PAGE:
A kerfuffle over whether or not the University of California at Berkeley was a place for serious scientists led directly to the creation of our sibiling publication, The Journal of General Physiology. Dr Flexner’s old Professor, Jacques Loeb, was banned from the pages of The American Journal of Physiology when he moved from the University of Chicago to the West Coast in 1902 (and thus “no longer represented a ‘major’ institution”). Eight years later, Flexner recruited Loeb to the Rockefeller Institute, and eight years after that, in 1918, Loeb launched The Journal of General Physiology.

So it’s numerologically appropriate that eight years after Avery and colleagues demonstrated in JEM that DNA was the “transforming principle”, Alfred Hershey and Martha Chase should publish their own work on the chemical nature of the hereditary material of viruses in JGP. These are the beloved Waring Blendor (sic) experiments*- Hershey had found the setting where phage** (and phage “ghosts”, i.e. protein shells) clinging to the bacteria would be spun-off without bursting the bacteria themselves.

T2 phage

T2 phage (illustration by Madalena Parreira).

The key to understanding Hershey and Chase’s experimental setup is quite simple: proteins contain sulfur & DNA doesn’t; the reverse is true of phosphorous. Growing phage in the presence of radioactive sulfur-35 or phosphorus-32 isotopes allows tracking of the different compounds’ fate simply by measuring radiation in bacterial cultures. By shaking the bacteria in the blender (or blendor), and then spinning the whole mix in a centrifuge, Hershey and Chase could use a Geiger counter to find which viral molecules were passed on the next generations (via synthesis in the bacteria). They conclude that:

“The experiments reported in this paper show that one of the first steps in the growth of T2 is the release from its protein coat of the nucleic acid of the virus particle, after which the bulk of the sulfur-containing protein has no further function.”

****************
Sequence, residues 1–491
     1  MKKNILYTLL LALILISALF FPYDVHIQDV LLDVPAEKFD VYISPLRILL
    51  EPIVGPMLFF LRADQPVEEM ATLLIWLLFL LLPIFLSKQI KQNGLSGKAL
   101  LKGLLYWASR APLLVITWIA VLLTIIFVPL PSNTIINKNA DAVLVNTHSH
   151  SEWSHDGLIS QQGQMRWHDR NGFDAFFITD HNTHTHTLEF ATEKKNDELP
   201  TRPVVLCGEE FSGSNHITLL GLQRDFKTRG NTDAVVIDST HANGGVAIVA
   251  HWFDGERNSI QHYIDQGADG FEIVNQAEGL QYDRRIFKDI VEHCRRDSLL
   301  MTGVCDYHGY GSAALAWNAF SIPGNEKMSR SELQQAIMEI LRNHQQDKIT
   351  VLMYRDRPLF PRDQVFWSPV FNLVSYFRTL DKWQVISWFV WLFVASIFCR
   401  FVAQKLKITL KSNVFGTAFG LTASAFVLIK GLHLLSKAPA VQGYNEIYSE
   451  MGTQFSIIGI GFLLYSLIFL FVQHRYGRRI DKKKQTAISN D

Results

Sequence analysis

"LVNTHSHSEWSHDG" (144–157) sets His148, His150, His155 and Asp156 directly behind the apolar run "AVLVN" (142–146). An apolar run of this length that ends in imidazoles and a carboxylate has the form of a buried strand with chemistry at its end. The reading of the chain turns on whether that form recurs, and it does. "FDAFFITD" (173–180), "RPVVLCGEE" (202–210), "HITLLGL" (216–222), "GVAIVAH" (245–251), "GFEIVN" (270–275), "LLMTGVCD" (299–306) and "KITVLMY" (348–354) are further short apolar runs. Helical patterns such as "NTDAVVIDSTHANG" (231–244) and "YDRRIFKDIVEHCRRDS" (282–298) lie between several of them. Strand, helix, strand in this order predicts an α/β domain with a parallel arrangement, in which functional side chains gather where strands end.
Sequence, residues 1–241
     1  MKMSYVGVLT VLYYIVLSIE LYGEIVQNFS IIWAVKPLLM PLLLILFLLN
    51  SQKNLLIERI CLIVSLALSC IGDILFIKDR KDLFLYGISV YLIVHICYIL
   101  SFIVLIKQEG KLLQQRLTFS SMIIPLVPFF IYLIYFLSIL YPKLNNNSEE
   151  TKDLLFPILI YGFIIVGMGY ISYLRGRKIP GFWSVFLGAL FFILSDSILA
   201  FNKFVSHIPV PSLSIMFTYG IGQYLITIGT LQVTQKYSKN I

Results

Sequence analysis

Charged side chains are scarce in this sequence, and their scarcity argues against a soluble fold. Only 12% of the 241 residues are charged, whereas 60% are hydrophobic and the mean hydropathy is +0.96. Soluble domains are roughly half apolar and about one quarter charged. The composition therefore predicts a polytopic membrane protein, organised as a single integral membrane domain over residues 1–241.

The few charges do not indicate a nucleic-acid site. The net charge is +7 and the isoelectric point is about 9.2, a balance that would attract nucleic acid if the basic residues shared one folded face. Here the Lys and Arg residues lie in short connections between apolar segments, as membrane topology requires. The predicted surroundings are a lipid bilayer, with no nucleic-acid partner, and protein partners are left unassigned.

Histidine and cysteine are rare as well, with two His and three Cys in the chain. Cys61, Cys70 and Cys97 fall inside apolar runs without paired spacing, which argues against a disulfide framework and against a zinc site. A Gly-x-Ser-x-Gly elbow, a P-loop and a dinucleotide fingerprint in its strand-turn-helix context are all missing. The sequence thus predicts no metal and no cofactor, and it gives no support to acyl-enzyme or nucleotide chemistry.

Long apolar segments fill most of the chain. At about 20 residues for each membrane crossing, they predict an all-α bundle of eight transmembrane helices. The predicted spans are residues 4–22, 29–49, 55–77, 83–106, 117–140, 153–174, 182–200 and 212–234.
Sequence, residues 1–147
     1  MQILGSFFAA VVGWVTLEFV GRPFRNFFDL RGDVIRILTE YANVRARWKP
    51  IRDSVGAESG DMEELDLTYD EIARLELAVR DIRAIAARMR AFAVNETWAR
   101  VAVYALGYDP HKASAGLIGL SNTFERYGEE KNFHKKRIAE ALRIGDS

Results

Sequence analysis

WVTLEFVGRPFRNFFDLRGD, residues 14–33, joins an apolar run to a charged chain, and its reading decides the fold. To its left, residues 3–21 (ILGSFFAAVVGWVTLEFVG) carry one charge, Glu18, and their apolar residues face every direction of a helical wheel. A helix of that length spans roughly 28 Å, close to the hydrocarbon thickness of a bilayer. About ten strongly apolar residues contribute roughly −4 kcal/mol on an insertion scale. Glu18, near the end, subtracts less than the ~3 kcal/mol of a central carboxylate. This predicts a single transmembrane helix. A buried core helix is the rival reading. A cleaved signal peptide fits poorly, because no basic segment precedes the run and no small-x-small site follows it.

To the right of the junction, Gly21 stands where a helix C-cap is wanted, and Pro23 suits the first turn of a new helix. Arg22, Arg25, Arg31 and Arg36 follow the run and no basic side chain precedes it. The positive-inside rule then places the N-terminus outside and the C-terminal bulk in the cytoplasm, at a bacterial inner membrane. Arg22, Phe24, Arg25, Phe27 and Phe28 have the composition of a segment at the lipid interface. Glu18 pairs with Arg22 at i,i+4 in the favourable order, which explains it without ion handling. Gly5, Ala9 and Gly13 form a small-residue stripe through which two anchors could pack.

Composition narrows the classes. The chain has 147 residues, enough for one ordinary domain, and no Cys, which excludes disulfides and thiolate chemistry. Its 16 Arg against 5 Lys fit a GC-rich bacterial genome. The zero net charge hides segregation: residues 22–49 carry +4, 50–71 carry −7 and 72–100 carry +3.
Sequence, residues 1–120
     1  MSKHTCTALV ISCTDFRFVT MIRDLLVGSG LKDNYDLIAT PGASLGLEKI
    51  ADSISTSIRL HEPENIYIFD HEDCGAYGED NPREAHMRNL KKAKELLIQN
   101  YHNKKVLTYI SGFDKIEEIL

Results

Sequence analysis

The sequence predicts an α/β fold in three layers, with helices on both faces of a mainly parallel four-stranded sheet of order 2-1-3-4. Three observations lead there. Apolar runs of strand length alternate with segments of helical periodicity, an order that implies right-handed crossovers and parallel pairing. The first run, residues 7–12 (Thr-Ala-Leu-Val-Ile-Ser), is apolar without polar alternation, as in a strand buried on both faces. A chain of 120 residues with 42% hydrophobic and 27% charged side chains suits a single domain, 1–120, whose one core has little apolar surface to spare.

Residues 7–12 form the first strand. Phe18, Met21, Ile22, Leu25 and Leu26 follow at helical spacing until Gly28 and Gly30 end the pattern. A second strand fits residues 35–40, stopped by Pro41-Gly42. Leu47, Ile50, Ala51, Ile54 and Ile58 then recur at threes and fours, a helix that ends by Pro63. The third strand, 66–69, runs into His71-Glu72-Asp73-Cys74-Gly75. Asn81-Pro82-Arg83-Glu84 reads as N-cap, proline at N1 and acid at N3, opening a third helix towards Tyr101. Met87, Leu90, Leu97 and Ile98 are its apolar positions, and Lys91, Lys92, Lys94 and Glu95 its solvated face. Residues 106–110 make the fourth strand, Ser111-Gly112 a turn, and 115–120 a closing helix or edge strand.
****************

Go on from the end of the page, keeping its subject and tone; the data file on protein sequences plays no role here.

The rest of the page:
or, in other words

“We have concluded above that the bulk of the sulfur-containing protein of the resting phage particle takes no part in the multiplication of phage, and in fact does not enter the cell. It follows that little or no sulfur should be transferred from parental phage to progeny.”


Hershey and Chase, JGP 1952, figure 1.

Though Hershey & Chase’s work is often referred to as “definitive” confirmation of the Avery group’s work, it is worth noting that the levels of contamination in their work vastly exceed those published in 1944- a fact the authors do not attempt to conceal:

“The radiochemical purity of the preparations is somewhat uncertain, owing to the possible presence of inactive phage particles and empty phage membranes.”

“The following experiments show that this is readily accomplished by strong shearing forces applied to suspensions of infected cells, and further that infected cells from which 80 per cent of the sulfur of the parent virus has been removed remain capable of yielding phage progeny.”

Even the best-case scenario

“The experiments described below show that this expectation is correct, and that the maximal transfer is of the order 1 per cent”

was unimaginable in Avery’s meticulous, painstaking biochemical work, and contamination had led Hershey to the wrong conclusion only a year before:

“The properties described explain a mistaken preliminary report (Hershey et al., 1951) of the transfer of S 35 from parental to progeny phage.”

Perhaps the most salient aspect of Hershey and Chase’s landmark study, what immediately stands out when reading the original manuscript and the rationale behind the experimental design, is that these experiments were not set up to test if DNA was the genetic material at all. They were optimized to examine if protein could be. But the idea of DNA as the genetic material was much more acceptable in 1952, and the use of radioactive isotopes labeling was very appealing in the heyday of the Atomic Age. So for many scientists at the time, Hershey and Chase’s 1952 JGP classic marked the definitive acceptance of deoxyribonucleic acid as the chemical agent of heredity.

* Matthew Cobb kills this romantic image: “This apparatus is often called a kitchen blender, which conjures up some kind of retro 1950s domestic device, all chrome and glass. Sadly this was not the case (…) the apparatus used by Hershey and Chase was a highly specialized, unstylish bronze-coloured piece of laboratory equipment’”. Dr Cobb may or may not be available to come to your kid’s party and tell him there is no Santa.

** A group of viruses that infect bacteria (short for bacteriophage).

Andersen, O.S. A Brief History of The Journal of General Physiology. 2005. 125:3.

Hershey, A.D., and Chase, M. Independent functions of viral protein and nucleic acid in growth of bacteriophage. Journal of General Physiology. 1952. 36:39-56.